While walking along the Tsolum River this week I took the time to turn a few stones in a fast flowing riffle. Under one of the rocks was a pair of mayfly nymphs (Order Ephemeroptera from Ephemeros – short lived and Pteron – wings). While the nymph part of the life cycle can be anywhere from three weeks to two years in length, the Latin name refers to the adult part of the life cycle which is often very short, sometimes only as long as a day. During that period the adult’s single purpose is to reproduce.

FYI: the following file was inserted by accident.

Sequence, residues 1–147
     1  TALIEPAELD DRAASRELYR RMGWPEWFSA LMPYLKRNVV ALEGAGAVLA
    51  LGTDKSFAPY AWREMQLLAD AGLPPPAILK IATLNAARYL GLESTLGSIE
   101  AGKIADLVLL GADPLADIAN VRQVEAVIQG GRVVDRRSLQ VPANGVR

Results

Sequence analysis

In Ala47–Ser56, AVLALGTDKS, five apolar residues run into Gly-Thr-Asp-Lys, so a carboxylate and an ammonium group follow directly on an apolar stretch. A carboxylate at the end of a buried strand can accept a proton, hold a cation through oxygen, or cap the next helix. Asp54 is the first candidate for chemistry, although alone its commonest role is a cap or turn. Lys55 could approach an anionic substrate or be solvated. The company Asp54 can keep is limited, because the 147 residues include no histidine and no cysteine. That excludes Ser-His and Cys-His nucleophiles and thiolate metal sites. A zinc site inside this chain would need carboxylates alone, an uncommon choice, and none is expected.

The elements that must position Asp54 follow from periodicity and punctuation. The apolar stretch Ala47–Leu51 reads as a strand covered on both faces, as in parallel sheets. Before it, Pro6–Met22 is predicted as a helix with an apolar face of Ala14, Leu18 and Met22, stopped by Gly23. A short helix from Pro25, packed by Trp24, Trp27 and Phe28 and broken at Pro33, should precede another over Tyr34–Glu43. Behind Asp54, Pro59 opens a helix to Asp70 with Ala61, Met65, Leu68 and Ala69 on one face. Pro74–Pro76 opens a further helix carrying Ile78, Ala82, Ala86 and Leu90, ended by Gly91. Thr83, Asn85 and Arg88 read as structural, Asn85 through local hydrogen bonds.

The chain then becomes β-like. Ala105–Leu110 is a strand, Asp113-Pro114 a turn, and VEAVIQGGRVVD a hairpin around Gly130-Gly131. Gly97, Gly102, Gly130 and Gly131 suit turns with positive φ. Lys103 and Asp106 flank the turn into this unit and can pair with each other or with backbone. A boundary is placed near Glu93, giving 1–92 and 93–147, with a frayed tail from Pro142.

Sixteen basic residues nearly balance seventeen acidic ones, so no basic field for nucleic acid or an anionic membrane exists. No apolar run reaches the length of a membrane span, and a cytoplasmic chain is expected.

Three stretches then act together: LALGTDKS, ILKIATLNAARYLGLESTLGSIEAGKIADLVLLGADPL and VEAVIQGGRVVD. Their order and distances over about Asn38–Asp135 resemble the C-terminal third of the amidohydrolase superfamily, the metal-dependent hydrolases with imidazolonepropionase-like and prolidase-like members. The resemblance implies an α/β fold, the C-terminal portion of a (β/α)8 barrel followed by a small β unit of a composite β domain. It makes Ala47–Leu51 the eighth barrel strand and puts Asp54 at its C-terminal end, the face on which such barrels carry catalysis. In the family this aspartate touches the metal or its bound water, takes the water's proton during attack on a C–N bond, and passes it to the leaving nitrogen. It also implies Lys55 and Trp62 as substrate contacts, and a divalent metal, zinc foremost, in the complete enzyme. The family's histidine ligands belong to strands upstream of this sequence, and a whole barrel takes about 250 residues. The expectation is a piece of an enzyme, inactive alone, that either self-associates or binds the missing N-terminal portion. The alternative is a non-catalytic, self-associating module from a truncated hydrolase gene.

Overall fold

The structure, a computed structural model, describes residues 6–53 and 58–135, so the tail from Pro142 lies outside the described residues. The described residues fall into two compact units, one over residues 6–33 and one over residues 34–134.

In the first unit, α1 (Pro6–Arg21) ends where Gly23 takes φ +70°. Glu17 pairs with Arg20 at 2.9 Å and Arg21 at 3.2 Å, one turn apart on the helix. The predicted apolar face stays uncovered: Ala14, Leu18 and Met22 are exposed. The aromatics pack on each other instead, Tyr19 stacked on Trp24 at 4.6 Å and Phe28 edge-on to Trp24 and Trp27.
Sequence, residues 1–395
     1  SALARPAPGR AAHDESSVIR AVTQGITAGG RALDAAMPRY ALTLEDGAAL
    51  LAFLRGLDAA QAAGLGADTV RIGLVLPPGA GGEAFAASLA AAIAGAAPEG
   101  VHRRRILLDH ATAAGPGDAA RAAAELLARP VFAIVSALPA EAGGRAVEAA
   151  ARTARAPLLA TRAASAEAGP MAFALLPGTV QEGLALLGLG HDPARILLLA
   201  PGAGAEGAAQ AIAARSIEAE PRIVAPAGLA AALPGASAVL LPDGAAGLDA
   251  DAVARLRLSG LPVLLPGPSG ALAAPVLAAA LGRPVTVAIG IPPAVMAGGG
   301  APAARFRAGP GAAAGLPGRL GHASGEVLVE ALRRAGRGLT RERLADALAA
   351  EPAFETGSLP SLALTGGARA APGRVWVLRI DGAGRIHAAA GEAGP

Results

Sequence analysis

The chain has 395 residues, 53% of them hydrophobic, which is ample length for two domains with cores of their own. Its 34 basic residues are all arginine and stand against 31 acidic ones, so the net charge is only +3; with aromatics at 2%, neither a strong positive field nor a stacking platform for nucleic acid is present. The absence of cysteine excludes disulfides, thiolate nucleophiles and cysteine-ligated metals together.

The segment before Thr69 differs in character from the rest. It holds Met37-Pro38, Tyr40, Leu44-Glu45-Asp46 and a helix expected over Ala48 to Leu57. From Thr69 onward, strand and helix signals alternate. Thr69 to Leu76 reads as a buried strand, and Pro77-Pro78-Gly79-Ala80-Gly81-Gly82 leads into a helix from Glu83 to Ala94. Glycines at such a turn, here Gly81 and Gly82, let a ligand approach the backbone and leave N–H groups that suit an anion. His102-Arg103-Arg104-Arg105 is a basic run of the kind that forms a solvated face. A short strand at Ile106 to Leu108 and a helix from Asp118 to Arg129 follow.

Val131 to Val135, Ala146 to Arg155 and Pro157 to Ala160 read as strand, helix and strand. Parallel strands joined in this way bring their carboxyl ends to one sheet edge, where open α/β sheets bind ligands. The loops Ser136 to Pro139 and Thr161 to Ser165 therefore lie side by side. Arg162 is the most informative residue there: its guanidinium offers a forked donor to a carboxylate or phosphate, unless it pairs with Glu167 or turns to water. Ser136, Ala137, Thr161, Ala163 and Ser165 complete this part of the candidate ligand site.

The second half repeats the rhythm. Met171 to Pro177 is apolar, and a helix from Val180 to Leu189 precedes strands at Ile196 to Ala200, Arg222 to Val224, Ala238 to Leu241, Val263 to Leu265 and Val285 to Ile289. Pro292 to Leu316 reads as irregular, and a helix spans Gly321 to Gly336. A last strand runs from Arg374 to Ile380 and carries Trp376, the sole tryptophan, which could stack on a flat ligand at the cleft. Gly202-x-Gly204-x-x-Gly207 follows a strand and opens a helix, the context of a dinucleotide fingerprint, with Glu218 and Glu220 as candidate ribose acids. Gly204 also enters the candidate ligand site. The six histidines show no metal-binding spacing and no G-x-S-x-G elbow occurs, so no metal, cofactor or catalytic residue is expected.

Mayfly nymphs are fairly easy to identify. The three long tails (or cerci) and often visible gills along the sides of the abdomen are distinctive. They live in a variety of different aquatic habitats and are either herbivores or detritivores.
The neat thing about finding them in the Tsolum is that they are very sensitive to low levels of oxygen in the water, rate of water flow, and chemical pollution. They may be a sign that the restoration work done by the Tsolum River Restoration Society is having a positive effect on the health of the river.